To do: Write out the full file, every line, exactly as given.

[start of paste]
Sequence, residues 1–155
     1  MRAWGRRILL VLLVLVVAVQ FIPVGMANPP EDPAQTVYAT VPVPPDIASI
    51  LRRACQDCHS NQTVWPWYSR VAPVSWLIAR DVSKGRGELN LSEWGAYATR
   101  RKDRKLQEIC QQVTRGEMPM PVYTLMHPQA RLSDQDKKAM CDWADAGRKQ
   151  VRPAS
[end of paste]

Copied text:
Sequence, residues 1–155
     1  MRAWGRRILL VLLVLVVAVQ FIPVGMANPP EDPAQTVYAT VPVPPDIASI
    51  LRRACQDCHS NQTVWPWYSR VAPVSWLIAR DVSKGRGELN LSEWGAYATR
   101  RKDRKLQEIC QQVTRGEMPM PVYTLMHPQA RLSDQDKKAM CDWADAGRKQ
   151  VRPAS